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Why Hopes of Putins Surrender are Futile

Published: July 30, 2014 (Issue # 1822)




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With over a week past the tragic crashing of a Malaysia Airlines passenger jet over eastern Ukraine, it is becoming clear that whatever initial hopes Western leaders might have had that Russias Vladimir Putin can be shamed or coerced into unconditionally throwing the pro-Russian rebels under the bus are futile. There is hope, however, that both the conflicting sides and their supporters will sit down to negotiate a sustainable resolution to the conflict, which threatens the foundations of Europes already fragile system of collective security.

Putin Wont Be Either Shamed

Even before the July 17th tragedy, some of the more eloquent of Western-based Russia watchers claimed that Putin had ditched the pro-Russian rebels in eastern Ukraine. As Iwroteback in May, now that hes sown chaos in Ukraine but uneager to participate in someone elses civil war President Vladimir Putin has thrown the rebels under the bus, Julia Ioffeassuredreaders of The New Republic on July 9th.

The crash of MH17, which Ukrainian and several Western governments claimed was brought down by a surface-to-air missile fired from territory controlled by rebels in eastern Ukraine, increased the number of Western pundits who hold this view exponentially.

For instance, respected and experienced Russia hand Mark Galeotti prophesized in the immediate aftermath of the crash: When the histories are written, this will be deemed the day the insurgency lost because the Kremlin will, for all its immediate and instinctive bluster and spin, have to definitively and overtly withdraw from arming and protecting the rebels.

Another pundit has even gone as far as to imply that the Russian leadership will somehow acquiesce to Western and Ukrainian air forces jointly bombing the rebels into oblivion. Without Russian support, the separatists will be quickly be defeated. The tragic shooting-down of MH17 provides Ukraine and the west with an opportunity to rid Donbass of its separatists by using superior air power, no longer fearing Russian surface-to-air missiles,accordingto Taras Kuzio of the University of Alberta.

Id say anyone who seriously contemplates a scenario in which NATO planes will bomb rebels out of Donetsk must be as divorced from reality as conspiracy theorists who believe some of the MH17 passengers could have been dead days before the ill-fated flight.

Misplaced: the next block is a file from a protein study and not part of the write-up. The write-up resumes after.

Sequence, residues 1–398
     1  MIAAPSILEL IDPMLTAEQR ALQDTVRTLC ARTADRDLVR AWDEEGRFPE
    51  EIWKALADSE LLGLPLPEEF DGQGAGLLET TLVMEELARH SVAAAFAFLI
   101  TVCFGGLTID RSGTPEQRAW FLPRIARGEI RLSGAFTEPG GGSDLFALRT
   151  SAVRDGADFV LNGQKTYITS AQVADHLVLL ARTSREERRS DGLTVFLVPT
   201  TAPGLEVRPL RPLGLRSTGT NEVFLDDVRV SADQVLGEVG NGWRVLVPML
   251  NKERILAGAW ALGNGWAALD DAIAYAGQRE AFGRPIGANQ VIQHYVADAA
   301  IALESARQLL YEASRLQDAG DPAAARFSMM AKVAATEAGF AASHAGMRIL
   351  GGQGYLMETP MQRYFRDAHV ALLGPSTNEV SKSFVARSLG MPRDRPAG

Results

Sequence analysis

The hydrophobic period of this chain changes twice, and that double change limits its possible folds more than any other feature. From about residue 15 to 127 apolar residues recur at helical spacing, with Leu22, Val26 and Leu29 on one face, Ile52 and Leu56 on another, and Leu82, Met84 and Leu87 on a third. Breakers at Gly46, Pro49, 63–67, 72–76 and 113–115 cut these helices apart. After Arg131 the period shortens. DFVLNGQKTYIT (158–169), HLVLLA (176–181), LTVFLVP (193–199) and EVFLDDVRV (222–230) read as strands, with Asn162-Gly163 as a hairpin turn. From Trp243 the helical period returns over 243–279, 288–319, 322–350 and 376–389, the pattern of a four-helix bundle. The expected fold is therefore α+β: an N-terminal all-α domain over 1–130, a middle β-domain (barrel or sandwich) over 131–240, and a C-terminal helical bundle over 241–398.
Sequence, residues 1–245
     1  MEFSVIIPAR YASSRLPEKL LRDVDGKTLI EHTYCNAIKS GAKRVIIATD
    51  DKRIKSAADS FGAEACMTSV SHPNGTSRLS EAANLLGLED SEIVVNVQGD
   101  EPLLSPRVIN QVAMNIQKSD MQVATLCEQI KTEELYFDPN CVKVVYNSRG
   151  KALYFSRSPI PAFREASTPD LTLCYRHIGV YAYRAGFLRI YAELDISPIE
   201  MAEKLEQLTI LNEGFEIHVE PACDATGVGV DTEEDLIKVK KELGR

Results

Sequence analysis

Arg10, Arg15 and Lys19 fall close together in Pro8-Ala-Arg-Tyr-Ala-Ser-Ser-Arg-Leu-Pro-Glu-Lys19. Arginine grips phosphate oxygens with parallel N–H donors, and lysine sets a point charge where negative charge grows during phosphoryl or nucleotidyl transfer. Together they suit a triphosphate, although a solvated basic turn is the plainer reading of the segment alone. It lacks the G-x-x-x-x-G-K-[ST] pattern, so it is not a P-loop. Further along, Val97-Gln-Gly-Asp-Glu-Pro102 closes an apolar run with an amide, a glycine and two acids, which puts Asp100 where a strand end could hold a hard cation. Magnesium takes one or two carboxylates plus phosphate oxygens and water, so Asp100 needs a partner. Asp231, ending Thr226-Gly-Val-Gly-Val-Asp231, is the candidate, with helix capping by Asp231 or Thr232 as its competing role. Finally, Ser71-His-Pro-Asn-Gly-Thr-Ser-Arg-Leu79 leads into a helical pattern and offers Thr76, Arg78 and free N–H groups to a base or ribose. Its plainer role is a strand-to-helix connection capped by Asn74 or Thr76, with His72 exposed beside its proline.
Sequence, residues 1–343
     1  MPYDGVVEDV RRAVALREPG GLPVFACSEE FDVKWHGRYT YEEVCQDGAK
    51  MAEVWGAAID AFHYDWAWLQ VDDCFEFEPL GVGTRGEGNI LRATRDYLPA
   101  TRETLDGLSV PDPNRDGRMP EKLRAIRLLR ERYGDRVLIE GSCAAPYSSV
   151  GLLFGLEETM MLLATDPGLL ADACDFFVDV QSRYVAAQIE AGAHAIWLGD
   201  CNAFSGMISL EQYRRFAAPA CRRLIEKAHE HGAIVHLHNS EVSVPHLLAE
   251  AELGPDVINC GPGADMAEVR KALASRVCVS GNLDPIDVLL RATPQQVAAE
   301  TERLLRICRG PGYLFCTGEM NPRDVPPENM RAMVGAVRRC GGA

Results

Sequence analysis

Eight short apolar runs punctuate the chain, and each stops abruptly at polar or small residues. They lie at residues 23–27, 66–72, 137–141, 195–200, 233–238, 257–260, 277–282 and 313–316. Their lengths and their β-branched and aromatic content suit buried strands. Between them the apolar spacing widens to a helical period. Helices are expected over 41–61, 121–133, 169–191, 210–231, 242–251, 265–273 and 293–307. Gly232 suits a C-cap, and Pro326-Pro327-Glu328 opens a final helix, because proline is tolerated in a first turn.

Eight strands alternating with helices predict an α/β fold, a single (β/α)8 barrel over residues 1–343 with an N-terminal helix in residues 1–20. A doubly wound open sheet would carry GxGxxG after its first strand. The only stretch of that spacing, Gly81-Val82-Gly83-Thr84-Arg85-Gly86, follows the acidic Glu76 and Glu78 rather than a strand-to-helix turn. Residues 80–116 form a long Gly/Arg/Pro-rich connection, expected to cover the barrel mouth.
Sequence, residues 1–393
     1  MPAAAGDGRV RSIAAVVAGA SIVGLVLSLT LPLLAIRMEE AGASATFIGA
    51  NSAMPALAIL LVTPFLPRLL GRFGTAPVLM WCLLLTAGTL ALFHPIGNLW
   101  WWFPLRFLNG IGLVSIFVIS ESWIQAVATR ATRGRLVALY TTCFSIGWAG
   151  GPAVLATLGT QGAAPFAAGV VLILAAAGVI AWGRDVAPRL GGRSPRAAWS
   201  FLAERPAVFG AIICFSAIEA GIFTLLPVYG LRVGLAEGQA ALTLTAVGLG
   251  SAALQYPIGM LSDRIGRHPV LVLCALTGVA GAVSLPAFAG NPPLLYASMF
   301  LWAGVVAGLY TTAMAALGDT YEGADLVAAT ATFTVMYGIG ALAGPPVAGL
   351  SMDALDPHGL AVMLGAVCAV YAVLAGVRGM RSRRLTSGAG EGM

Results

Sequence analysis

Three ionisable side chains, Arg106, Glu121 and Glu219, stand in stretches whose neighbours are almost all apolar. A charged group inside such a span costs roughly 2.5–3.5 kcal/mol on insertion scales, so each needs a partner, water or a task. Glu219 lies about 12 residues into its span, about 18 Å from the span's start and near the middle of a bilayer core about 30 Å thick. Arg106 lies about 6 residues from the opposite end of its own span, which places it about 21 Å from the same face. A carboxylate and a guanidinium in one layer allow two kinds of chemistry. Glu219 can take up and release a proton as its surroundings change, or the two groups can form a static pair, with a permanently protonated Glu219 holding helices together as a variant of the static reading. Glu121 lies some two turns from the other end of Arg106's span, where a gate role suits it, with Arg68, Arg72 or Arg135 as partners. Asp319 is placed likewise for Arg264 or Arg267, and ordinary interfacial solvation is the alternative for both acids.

I too think that the long-term damage Putins Ukraine policy has done to Russias standing on the international scene in general, and its relations with the West in particular, will be significant, even though it might not be felt in the Kremlin immediately. And I strongly hope those guilty of such a horrendous crime as the downing of a passenger plane (if it was, indeed, brought down by a missile), must be identified and prosecuted regardless of whether they have mistaken it for a warplane or not.

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ALL ABOUT TOWN

Friday, Sept. 19


SPIBAs newest addition to their Cultural Discoveries events is Handmade in Germany, an exhibition featuring unique handmade objects of a significantly higher quality than mass-produced items. The work of over 100 German manufacturers will be displayed during the event, which opens today in the Lutheran Church of Saint Peter and Paul on Nevsky Prospekt and runs through Sept. 28.



Saturday, Sept. 20


Starting on Sept. 18 and ending tomorrow is the Extreme Fantasy Wakeboarding Festival in Sunpark by Sredny Suzdalskoye lake in the Ozerki region of the city.


Those after something more laid back can instead head to Jazz and Wine night at TerraVino with legendary jazz guitarist Ildar Kazahanov. 12/14 Admiralteyskaya Emb.



Sunday, Sept. 21


Learn more about African culture and get some exercise during todays Djembe and Vuvuzela, a bike ride starting in Palace Square that includes several stops where riders can listen to the music of Africa or watch short films about the continent. The riders plan to set off at 4 p.m. and all you need to join is a set of wheels.



Monday, Sept. 22


Do you love puppetry? If so, then be sure to go to BTK-Fest, a five-day festival that starts on Sept. 19 celebrating the art. Contemporaries from France, Belgium, the U.K. and other countries will join Russian artists to put on theatrical performances involving a variety of themes, materials and eras. Workshops and meetings are also scheduled for a chance to discuss the artistic medium in further depth.



Tuesday, Sept. 23


Marina Suhih, Director of the External Communications Department at Rostelecom North-West, and Yana Donskaya, HR Director for Northern Capital Gateway are just some of the confirmed participants of todays round table discussion on Interaction with Trade Unions being hosted by SPIBA. Confirm your attendance with SPIBA by Sept. 22.


Kino Expo 2014, an international film industry convention, will be at LenExpo from today until Sept. 26. The third largest exhibition of film equipment in the world, the expo focuses on not only Russia but former Soviet republics as well.



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